This sector concludes by exploring an administrative, legal and principles of natural justice analysis. Drawing the line between machine and human-made decision-making is difficult and to find that distinction in law is also not clear. Reviewing the decisions made by automated decision-making technology is not presently possible because there is no rubric for humans to follow to conduct this analysis. As Dr. Molnar pushes throughout her paper, human rights must be central to the analysis and development/deployment of technology.
The author concludes her analysis by discussing how States can deploy these technological experiments on migrant communities. The answer is that migrants are not given the same rights as citizens, and therefore, they cannot exercise the same power and mechanisms to protect themselves. Testing automated decision-making technology on migrant communities perpetuates the discourse that this community needs to be tracked and monitored, thus classifying this community as a threat to state sovereignty and power.
Regulating these technologies is particularly important when questions how States continue with such experimentations. The private sector’s role allows for public sector bodies to walk away from their responsibilities by maintaining the notion that they are not directly involved. The responsible stakeholder also delineates how data issues are collected, processed, and explored in these technologies. Essentially, the actor’s role determines how they maintain control of these communities through automated decision-making technology. The accountability gap needs to be addressed to ensure the safety of the migrant community.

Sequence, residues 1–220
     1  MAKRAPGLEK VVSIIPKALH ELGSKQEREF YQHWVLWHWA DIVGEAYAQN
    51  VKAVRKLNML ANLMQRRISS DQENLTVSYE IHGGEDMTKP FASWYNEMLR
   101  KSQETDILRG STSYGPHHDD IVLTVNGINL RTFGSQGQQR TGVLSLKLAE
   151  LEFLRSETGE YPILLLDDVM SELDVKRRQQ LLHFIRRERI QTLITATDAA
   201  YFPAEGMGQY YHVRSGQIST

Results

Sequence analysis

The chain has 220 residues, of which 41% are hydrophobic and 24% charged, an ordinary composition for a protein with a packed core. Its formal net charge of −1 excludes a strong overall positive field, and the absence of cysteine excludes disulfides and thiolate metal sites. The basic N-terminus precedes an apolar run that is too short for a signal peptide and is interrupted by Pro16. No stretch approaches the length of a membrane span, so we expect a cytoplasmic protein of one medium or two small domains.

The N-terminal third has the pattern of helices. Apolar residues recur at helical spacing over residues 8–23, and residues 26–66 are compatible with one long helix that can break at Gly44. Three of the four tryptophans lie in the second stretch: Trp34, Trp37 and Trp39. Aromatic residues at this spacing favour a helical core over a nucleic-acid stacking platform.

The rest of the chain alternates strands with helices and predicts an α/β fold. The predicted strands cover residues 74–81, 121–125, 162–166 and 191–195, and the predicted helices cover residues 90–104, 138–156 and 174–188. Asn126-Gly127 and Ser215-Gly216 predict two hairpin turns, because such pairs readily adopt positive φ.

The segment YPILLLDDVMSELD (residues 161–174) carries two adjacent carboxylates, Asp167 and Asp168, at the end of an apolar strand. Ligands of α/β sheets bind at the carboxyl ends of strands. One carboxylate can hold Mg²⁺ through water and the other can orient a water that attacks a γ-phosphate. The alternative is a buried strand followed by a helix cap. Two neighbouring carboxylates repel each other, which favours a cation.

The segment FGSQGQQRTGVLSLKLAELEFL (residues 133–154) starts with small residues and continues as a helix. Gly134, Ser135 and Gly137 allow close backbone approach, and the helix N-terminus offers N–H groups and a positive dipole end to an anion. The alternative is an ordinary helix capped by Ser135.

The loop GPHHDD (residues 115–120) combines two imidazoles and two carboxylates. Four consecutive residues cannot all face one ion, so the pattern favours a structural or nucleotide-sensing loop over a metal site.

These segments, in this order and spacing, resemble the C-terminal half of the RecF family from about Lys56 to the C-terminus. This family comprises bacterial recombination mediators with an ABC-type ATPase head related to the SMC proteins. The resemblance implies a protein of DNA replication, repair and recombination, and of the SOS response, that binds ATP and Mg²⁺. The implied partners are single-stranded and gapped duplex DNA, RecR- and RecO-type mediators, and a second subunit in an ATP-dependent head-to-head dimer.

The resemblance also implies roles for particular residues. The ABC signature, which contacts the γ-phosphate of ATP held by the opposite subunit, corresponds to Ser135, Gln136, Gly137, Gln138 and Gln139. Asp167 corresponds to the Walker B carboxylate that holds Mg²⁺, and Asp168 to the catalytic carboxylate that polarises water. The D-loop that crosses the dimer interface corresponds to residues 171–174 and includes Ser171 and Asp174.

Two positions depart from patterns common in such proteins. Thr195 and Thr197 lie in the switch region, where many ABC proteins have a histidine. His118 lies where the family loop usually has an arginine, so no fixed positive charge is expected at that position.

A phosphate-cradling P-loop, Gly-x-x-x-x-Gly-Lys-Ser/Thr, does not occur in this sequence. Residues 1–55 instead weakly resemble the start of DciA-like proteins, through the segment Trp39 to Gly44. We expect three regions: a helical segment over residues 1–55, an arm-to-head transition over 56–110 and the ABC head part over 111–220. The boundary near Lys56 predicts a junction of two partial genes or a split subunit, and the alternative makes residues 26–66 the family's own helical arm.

Between the lines
The “AI divide” as Dr. Molnar notes, dictates who is involved in designing and deploying AI. The issues raised above demonstrate that migrant communities are not part of their side of the end-to-end development and deployment of AI, which further perpetuates systemic power and inequality. The lack of governance and regulation from both the private and public sectors is an issue that needs to be addressed to build a holistic and inclusive legal framework that protects migrant communities. The lack of governance demonstrates how techno-solutionism continues to be a popular technique to solve systemic issues.
In short, Dr. Molnar makes a call for a more inclusive and rigorous governance framework to address the public-private accountability gap. Additionally, there need to be more clear regulatory guidelines for the private sector. A suggested reading following the discussions and analysis brought forward by this paper is a more recent report by Dr. Molnar titled “Technological Testing Grounds: Migration Management Experiments from the Ground Up,” which builds on the concerns and international legal analysis on the governance and accountability gap of deploying AI at the border.